Learn to Balance with

This is written for the teacher more than the student.

Peacock feathers can be obtained in bulk online. Smaller numbers are available at some floral shops and in any China Town.

  1. There is a great transfer of skill from a feather balance to a more difficult balance.
    • The balance is almost always lost by moving too fast - seldom too slowly.
    • The fear of being hurt slows learning of challenging/dangerous balances.
    • Fatigue also slows learning - there is little effort required improving balance with a feather.
  2. Unicycle or rola bola students taking a break, doing a bit of feather balance will show improvement in riding skills.
  3. Physical therapy for stroke/accident victims will achieve improvement with a similar break.
Walking forward to get the peacock feather in balance.
  1. Place a peacock feather on your hand - see the stick-man illustration.
  2. Look at the eye of the peacock feather.
  3. When you are teaching, demo by placing the feather on your hand and letting it fall away from you.
    • Walk forwards to get it in balance.
    • If you show the balance standing stock-still students assume that is the way it works.
    • Fully a third of them will stand and watch the feather fall off their hand if you show it under control from the beginning.
  4. Remind them to look at the eye They tend to look to see if you are watching and lose the balance.
  1. Walk or run while maintaining the balance.

    I find working brief periods (ten minutes or less) every few days or even weeks apart more productive than long, frequent sessions.

  2. Throw the feather and catch it on the other hand.
    • Push the feather straight up; look down at your hand for the transfer and immediately back at the eye.
  3. Try various parts of the body as balance points.
  4. You must be able to see the top of the object to control the balance.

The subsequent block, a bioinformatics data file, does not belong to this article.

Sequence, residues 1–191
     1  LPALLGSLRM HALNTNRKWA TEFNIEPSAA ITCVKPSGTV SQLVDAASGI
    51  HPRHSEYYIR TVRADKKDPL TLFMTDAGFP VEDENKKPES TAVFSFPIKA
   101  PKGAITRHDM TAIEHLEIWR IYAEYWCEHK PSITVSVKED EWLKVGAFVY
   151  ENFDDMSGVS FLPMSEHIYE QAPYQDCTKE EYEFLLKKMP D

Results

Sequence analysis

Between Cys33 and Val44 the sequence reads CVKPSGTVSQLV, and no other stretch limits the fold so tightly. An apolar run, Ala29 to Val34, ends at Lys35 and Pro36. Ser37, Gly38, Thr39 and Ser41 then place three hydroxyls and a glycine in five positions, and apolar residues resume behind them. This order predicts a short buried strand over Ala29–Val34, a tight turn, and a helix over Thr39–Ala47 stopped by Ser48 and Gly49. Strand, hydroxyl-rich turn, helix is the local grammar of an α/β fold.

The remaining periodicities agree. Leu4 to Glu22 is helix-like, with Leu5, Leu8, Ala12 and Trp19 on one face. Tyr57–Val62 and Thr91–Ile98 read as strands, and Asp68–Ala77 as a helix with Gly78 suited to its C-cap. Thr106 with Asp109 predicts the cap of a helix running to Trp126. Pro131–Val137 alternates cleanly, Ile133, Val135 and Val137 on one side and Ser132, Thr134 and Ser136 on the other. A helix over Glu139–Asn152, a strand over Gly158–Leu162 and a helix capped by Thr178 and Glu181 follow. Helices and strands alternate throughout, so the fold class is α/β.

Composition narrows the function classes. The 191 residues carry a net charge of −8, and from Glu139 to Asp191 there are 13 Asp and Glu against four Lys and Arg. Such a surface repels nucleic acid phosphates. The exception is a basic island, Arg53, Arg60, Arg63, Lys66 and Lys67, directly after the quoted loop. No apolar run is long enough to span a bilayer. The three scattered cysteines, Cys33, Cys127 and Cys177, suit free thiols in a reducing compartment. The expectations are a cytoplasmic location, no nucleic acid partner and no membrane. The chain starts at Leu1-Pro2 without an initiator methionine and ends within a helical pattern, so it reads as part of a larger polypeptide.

5. Standing on one foot and balancing the feather on the other is particularly challenging.
  1. Move on to other long objects such as a 3-foot dowel (or a yardstick).
  2. Gradually work on shorter objects.
  3. A baseball cap balanced on the nose makes a nice looking trick.
    • As soon as control is lost, lunge forward, dropping the hat on your head.
    • It is less frustrating than dropping the hat on the floor plus it looks like that is what you intended.

A good substitute for a feather is a piece of cardboard (soda/cereal carton) cut in an 6x18" oval and cupped slightly along the long axis.

  1. Go back to the peacock feather and learn to balance two or more at a time.
  2. Start with one on each hand, and then try one on the face and one on the hand.
  3. Next one object on each hand, one on the face, one on one foot, standing on a rola bola.
  4. Get an agent! (Oh, and post a video on YouTube :)
  1. Balance a peacock feather on your forehead, knees bent, feet shoulder width apart.
  2. Tilt your head back until the forehead is nearly parallel to the floor.
  3. Now switch to a 6" ball firmly inflated - soft is erratic.
  4. Use low bounces and do not correct with your head - move your feet.

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